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    If you are producing poor quality work and the customer does not complain its not ok. More than likely they are not coming back.
     
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  17. rockz12

    rockz12 Specializing in the strange and unusual

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    The statement is not false. I did not say "running a business is easy". I suggested if you know an inferior product is being pushed out in a limited lucrative market, perhaps with 20 years of large format experience under your belt. It may be time to consider doing it YOUR way. The idea that fat cats are the ONLY ones who can run a business makes me laugh. Anyone I have met, respected and learned from in the industry are the ones in the fox hole and in the grind of running their own business. This includes myself.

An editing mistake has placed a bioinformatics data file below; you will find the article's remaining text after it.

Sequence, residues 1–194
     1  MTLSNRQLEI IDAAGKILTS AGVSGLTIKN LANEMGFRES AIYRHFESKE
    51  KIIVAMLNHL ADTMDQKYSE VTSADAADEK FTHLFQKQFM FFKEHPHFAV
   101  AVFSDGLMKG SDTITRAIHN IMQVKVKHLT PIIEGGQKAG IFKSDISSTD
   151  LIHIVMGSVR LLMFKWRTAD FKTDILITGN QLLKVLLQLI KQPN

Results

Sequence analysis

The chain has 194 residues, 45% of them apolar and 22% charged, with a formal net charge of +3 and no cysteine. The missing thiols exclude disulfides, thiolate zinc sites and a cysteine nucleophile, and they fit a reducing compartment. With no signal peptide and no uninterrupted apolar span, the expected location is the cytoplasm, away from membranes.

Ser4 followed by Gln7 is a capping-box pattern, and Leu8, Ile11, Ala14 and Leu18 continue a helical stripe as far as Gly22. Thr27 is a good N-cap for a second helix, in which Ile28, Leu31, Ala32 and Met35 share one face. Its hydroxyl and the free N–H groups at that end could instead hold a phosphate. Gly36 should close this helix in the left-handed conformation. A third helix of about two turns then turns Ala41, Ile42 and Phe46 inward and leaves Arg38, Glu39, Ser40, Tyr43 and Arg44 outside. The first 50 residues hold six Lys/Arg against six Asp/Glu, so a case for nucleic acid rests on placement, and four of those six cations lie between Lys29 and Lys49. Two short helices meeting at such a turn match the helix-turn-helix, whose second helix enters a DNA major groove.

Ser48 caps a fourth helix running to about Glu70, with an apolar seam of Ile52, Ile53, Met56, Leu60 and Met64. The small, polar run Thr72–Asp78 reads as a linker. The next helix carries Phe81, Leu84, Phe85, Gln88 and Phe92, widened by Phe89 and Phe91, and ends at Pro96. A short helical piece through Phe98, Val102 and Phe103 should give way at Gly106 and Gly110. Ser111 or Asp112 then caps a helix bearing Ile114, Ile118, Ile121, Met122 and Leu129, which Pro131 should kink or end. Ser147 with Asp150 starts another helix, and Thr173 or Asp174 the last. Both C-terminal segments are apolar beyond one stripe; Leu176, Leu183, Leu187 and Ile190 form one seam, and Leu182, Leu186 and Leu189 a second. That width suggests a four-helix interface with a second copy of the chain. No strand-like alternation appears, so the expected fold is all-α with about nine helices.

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  18. TimToad

    TimToad Very Active Member

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    An owner may not necessarily have to know how to physically do the work they are selling customers, but if they possess even the slightest instinct of self-preservation, they'll make sure they at least teach themselves to be able to see the difference between doing things the right way and shoving inferior, poor quality work out the door.

    When that phone rings with a disgruntled client, or bad review gets posted, or revenues keep dropping, it sure won't be the underlings who will be accountable for the losses.
     
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  19. Christian @ 2CT Media

    Christian @ 2CT Media Major Contributor

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    Yet the most successful (in metrics of size and revenue) businesses, the "owners" get the F out of the way and focus on growing, managing, and running the business.